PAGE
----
The 10-year-old struggles up the hill, carrying buckets filled with rocks. Though he tries to keep a brave face in front of his friends, his eyes brim with tears. Every inch of his body aches, he says, and he feels sick and dizzy from the weight.
"I hate it," whispers Anwar Sardad. He has to help support his family, but he wishes there was a way other than working for the government construction agency.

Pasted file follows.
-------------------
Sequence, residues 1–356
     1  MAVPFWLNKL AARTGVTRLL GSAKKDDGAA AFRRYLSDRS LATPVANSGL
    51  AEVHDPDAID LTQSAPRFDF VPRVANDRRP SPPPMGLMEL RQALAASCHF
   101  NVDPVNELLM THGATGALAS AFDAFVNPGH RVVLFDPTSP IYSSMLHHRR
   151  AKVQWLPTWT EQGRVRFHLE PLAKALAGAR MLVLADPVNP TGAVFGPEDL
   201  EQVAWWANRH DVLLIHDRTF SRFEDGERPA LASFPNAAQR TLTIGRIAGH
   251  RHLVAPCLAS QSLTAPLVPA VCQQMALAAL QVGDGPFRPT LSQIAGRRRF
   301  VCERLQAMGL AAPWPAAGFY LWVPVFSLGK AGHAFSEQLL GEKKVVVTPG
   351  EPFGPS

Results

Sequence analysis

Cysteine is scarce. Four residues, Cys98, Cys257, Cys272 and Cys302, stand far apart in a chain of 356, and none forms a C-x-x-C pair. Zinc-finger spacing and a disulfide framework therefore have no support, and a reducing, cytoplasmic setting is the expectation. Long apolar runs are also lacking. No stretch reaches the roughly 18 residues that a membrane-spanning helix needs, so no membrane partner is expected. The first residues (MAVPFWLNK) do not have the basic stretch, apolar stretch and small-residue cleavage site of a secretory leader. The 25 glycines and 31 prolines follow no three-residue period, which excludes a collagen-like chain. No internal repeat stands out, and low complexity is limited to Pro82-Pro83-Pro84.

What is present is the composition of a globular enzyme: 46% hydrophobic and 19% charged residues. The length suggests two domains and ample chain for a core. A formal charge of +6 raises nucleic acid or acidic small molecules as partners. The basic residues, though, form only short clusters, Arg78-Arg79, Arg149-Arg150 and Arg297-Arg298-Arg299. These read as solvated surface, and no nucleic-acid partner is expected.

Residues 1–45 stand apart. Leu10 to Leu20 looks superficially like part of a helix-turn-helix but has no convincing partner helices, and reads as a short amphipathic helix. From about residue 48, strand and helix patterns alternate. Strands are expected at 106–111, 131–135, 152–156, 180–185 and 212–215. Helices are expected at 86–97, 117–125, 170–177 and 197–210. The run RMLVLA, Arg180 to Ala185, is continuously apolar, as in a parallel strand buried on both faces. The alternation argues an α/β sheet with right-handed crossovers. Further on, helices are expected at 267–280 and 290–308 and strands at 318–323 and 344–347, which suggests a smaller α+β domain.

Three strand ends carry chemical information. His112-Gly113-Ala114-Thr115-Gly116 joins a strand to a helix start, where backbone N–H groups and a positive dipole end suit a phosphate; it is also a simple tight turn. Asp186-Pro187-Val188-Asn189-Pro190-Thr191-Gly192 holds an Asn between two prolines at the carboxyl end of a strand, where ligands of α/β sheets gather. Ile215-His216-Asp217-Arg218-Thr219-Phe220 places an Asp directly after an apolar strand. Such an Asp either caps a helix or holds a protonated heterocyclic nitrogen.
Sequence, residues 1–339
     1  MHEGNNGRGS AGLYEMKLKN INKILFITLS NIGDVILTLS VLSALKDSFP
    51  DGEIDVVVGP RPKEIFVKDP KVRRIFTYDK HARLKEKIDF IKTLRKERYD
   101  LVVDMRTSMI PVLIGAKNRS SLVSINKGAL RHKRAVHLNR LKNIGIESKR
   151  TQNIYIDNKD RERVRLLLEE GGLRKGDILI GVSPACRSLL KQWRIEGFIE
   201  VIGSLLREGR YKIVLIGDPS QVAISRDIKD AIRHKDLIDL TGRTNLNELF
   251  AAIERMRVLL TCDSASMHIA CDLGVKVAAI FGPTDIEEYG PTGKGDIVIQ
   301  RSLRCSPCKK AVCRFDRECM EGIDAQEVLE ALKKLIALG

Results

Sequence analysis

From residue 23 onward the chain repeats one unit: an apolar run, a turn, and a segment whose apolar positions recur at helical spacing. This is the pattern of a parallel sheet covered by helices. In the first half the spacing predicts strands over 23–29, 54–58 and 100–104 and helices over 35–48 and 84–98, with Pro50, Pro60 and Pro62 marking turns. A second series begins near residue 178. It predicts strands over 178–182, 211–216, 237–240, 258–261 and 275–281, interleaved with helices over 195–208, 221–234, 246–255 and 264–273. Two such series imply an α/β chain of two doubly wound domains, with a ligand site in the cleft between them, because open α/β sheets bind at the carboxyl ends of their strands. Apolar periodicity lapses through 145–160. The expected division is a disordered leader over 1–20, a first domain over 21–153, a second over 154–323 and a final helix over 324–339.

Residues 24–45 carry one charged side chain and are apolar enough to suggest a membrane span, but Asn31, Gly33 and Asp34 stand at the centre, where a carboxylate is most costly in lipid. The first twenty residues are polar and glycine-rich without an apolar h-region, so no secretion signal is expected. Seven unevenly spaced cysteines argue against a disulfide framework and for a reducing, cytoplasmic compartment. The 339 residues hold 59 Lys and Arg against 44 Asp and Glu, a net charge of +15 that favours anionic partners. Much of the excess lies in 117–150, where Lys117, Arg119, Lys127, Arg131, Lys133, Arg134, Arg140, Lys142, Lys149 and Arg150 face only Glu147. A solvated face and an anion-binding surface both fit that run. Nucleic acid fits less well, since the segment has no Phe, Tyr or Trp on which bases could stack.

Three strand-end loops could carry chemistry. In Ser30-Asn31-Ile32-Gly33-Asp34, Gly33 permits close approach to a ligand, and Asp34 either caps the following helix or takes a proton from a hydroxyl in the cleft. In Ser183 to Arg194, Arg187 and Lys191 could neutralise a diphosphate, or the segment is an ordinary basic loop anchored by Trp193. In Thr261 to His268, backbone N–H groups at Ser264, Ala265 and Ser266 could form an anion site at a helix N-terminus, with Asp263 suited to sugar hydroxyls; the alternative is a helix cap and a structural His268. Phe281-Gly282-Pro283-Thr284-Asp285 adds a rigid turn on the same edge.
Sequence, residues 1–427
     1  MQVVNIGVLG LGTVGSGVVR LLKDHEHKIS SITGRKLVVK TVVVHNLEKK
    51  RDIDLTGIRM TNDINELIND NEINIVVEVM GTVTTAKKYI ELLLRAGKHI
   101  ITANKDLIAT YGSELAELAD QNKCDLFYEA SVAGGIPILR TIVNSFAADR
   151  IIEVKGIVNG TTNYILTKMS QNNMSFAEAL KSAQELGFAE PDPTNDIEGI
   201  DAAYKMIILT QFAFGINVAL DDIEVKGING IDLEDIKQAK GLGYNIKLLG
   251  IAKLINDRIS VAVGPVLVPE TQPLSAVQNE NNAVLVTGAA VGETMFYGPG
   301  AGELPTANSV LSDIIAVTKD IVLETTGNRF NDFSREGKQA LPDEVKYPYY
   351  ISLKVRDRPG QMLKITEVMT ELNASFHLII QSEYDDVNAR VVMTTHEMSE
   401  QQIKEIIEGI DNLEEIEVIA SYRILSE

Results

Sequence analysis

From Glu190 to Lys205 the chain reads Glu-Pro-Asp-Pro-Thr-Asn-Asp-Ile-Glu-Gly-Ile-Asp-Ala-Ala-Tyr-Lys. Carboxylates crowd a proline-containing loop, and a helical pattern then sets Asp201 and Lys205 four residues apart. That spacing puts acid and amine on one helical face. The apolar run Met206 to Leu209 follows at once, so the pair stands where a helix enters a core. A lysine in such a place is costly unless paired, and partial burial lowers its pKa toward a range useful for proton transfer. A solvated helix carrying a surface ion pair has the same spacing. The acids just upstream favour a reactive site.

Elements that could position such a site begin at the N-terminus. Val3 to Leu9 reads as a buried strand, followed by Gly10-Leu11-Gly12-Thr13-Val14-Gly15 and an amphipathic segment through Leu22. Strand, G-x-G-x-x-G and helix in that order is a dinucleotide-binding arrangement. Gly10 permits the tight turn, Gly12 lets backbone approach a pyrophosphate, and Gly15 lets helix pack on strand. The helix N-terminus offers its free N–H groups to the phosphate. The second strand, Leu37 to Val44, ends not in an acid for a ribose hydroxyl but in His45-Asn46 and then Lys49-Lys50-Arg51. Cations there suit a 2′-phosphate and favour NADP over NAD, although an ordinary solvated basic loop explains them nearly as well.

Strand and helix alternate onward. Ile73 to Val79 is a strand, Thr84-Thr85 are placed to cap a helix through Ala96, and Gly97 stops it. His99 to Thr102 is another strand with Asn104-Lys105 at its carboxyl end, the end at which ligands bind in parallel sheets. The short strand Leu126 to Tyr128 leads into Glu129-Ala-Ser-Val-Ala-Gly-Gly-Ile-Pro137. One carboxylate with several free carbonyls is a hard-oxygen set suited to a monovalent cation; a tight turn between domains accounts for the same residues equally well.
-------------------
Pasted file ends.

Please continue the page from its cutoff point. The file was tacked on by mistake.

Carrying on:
He adds, "I wouldn't have to live this life if I wasn't a Muslim."
The lives of hundreds of thousands of Rohingya children like Anwar are growing more hopeless in Myanmar, even as the predominantly Buddhist nation of 60 million wins praise for ending decades of dictatorship.
This story is part of "Portraits of Change," a yearlong series by The Associated Press examining how the opening of Myanmar after decades of military rule is — and is not — changing life in the long-isolated Southeast Asian country.